BWW Review: Now & Then Creative Company Presents Sophocles' ANTIGONE

BWW Review: Now & Then Creative Company Presents Sophocles' ANTIGONE

If Now & Then Creative Company's production of Sophocles' ANTIGONE (using Ian Johnston's translation) were anything less than a potent and absorbing portrayal of the existential struggle between devotion to the will of the gods and the dictates of the state, I would still encourage attendance if only to embrace the richness of the text.

Like the great Greek classicists of his time (5th Century BC), the author of the Theban Plays (OEDIPUS REX, OEDIPUS AT COLONUS, ANTIGONE) not only weaves an irony-laden tale of tragic consequence but also imbues it with sage words of counsel regarding principles of governance, loyalty, and obedience that resonate millennia after. Against the forces of nature or the gods of mythology, Sophocles holds mere mortals, even if they are kings, powerless. Thus, tragedy in works of this genre befalls those who challenge the fates.

The good news is that theatre goers do not need to rely solely on the historic appeal of the play and its durability as a classic to attend Now & Then's staging. The dynamic and forceful performances of the six actresses, directed by Cody Goulder, offer more than enough reason to take in this gem.

Antigone (Erika Lee Garcia), the daughter of the now deceased Oedipus, the king of Thebes, defies the command of his successor and her uncle Creon (Ivy Worsham) to withhold the honor of a burial to her brother Polyneices. The punishment for what the king has deemed as an act of betrayal is in marked contrast to the honors accorded to her other brother, Eteocles. (The brothers died at each other's hands.) Despite the warnings of her sister Ismene (Wednesday Estes), Antigone is resolute to accord her brother the honors that the gods themselves would prescribe. She exemplifies one who "has no sense of compromise in times of trouble."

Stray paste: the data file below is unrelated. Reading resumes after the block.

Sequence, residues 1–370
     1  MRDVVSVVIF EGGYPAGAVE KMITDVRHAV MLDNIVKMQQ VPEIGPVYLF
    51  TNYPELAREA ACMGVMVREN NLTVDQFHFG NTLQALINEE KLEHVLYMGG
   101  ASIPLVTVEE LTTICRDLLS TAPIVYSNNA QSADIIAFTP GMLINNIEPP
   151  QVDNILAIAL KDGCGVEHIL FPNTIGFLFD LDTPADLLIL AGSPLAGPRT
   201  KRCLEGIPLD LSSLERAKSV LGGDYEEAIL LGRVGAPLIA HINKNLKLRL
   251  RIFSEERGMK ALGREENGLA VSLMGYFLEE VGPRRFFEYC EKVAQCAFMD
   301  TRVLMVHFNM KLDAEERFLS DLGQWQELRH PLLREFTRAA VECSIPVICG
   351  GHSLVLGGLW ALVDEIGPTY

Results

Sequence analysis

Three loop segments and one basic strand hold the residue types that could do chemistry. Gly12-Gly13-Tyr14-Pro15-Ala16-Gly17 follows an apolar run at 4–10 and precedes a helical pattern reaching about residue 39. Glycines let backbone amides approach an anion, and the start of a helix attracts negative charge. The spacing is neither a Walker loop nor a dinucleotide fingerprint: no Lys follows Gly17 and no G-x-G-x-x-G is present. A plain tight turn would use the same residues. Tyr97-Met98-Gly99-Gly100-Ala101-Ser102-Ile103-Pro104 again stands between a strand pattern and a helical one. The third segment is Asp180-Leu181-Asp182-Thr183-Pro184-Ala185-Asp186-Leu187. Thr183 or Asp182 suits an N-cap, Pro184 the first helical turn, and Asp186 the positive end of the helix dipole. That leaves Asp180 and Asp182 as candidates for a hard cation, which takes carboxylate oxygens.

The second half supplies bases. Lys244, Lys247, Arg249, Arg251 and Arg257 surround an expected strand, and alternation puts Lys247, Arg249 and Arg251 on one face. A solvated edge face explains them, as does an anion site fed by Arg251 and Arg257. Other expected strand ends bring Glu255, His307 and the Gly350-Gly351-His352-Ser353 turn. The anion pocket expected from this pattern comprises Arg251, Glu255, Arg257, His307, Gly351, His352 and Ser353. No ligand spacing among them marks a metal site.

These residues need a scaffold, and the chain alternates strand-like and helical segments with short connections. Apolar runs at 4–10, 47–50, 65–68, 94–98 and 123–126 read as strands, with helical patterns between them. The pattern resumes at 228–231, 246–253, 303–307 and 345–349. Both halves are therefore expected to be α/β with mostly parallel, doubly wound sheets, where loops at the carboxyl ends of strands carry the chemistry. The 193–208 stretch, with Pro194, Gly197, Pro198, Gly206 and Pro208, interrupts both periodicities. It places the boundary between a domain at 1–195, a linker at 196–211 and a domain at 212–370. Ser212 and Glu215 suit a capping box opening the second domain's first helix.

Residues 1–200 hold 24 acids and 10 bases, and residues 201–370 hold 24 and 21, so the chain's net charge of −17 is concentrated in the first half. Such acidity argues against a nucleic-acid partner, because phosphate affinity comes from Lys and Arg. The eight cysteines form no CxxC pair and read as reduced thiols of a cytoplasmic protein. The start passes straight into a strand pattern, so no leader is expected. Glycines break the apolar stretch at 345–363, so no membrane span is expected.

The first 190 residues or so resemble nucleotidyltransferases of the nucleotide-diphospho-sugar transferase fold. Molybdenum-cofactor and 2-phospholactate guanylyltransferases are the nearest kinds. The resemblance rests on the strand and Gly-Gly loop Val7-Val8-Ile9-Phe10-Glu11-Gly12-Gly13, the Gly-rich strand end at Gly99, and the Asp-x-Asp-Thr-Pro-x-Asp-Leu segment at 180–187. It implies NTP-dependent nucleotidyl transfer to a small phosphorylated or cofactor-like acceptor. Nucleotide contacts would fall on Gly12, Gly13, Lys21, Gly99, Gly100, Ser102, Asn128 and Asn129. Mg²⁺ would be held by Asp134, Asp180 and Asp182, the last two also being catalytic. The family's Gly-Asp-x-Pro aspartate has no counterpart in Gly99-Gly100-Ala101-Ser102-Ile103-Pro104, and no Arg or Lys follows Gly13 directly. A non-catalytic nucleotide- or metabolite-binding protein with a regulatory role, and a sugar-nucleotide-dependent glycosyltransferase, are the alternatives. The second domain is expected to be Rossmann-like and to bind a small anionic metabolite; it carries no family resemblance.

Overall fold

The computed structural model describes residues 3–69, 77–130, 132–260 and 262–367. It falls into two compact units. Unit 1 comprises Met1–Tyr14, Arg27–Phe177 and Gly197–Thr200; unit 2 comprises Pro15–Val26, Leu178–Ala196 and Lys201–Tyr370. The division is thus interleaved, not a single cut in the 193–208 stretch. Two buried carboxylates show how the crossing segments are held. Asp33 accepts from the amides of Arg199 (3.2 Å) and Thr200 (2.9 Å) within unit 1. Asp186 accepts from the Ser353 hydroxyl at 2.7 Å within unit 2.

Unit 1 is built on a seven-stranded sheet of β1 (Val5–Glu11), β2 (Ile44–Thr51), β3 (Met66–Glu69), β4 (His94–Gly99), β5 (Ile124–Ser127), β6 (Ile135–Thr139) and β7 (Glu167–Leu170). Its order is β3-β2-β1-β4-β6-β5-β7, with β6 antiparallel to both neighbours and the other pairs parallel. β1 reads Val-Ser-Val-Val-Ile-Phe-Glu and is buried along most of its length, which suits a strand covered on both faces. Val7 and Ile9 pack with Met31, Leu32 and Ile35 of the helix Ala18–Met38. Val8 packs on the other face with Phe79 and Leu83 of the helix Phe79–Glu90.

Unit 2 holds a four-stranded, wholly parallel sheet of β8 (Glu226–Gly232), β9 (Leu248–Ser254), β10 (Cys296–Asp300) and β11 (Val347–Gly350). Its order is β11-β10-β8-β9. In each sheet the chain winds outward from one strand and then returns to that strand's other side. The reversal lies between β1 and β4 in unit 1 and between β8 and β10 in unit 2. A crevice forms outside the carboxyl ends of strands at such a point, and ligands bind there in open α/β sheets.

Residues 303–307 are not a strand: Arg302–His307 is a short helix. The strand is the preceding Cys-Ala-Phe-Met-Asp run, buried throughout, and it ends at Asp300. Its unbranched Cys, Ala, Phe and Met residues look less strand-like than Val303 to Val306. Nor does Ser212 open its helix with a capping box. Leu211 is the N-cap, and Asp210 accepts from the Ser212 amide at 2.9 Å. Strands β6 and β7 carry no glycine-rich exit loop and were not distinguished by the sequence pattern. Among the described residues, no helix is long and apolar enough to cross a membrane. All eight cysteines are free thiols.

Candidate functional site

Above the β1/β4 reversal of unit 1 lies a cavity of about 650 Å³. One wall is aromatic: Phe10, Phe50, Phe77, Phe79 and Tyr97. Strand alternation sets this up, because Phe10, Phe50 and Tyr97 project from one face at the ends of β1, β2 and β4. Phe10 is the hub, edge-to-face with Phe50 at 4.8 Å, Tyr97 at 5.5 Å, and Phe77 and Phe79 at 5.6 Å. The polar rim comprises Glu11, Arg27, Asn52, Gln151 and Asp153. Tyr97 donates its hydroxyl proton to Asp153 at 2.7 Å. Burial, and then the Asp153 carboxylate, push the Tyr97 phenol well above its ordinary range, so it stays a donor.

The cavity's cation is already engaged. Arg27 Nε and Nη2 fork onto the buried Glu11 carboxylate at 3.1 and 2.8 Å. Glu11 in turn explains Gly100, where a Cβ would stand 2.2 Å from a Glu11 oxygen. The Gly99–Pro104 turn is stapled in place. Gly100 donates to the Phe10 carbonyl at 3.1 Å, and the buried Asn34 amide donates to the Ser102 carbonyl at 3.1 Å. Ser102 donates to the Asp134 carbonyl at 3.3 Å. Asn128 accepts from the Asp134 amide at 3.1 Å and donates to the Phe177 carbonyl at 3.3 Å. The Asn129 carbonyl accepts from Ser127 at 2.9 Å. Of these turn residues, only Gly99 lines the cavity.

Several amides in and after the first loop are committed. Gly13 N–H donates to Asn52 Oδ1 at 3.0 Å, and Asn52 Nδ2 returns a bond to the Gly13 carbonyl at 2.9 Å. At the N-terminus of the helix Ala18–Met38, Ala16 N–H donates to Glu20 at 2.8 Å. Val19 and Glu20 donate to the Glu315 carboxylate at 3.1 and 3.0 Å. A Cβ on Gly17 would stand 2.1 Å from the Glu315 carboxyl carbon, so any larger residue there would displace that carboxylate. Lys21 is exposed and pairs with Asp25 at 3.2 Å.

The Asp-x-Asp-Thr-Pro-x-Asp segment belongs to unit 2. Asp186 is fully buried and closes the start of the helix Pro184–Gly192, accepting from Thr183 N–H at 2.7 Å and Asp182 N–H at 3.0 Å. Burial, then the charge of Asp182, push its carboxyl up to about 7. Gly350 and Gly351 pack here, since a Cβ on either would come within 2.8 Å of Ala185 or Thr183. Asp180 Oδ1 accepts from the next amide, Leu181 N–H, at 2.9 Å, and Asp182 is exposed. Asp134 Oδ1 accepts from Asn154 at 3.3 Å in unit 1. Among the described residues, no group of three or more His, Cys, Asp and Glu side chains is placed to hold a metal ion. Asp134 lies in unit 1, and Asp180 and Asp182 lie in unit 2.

As the contest of wills ensues, the dominos of tragedy fall as Creon's wife Eurydice (Tess Jenkins) and son Haemon (Alexandra Utpadel), affianced to Antigone, become victims of hybris and the arrogance of power.

Throughout the drama, three Choruses (Estes, Utpadel, and Cheyanne Ballou) interject with lines of majestic poetry that accentuate the play's overarching themes.

Above all, there are the bold and compelling exchanges throughout this work that pit faith and power against each other and suggest the natural order of hierarchies. Witness Creon's alarming exchange with Haemon about filial duty, the boundaries of mercy, and the subordinate role of women ~ and Haemon's cautious rebuttals. Consider Antigone's defiance of Creon's exhortations.

Finally, and perhaps of most immediate relevance to our times, think about Creon's declaration regarding the ruler and governance: "It's impossible to really know a man, to know his soul, his mind and will, before one witnesses his skill in governing and making laws. For me, a man who rules the entire state and does not take the best advice there is, but through fear keeps his mouth forever shut, such a man is the very worst of men - and always will be."

So much more to be contemplated in this remarkably powerful tragedy!

With visibly limited resources other than the talents of the six actresses who breathe fire into this work and the imaginative use of apparitions and sound, Cody Goulder has demonstrated his depth and acuity as a director. His interpretation, which places the conflict outside the architecture of Greek society and takes some liberties with the script, fully imbues the production with a perfect dose of intensity and gravity.

ANTIGONE runs through May 19th at the Metropolitan Arts Institute in Phoenix.

Photo credit to Durant Photography

Now & Then Creative Company ~ ~ Venue: Theatre at Metropolitan Arts Institute ~ 1700 N. 7th Avenue (at McDowell), Phoenix ~ To reserve tickets, e-mail

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From This Author Herbert Paine

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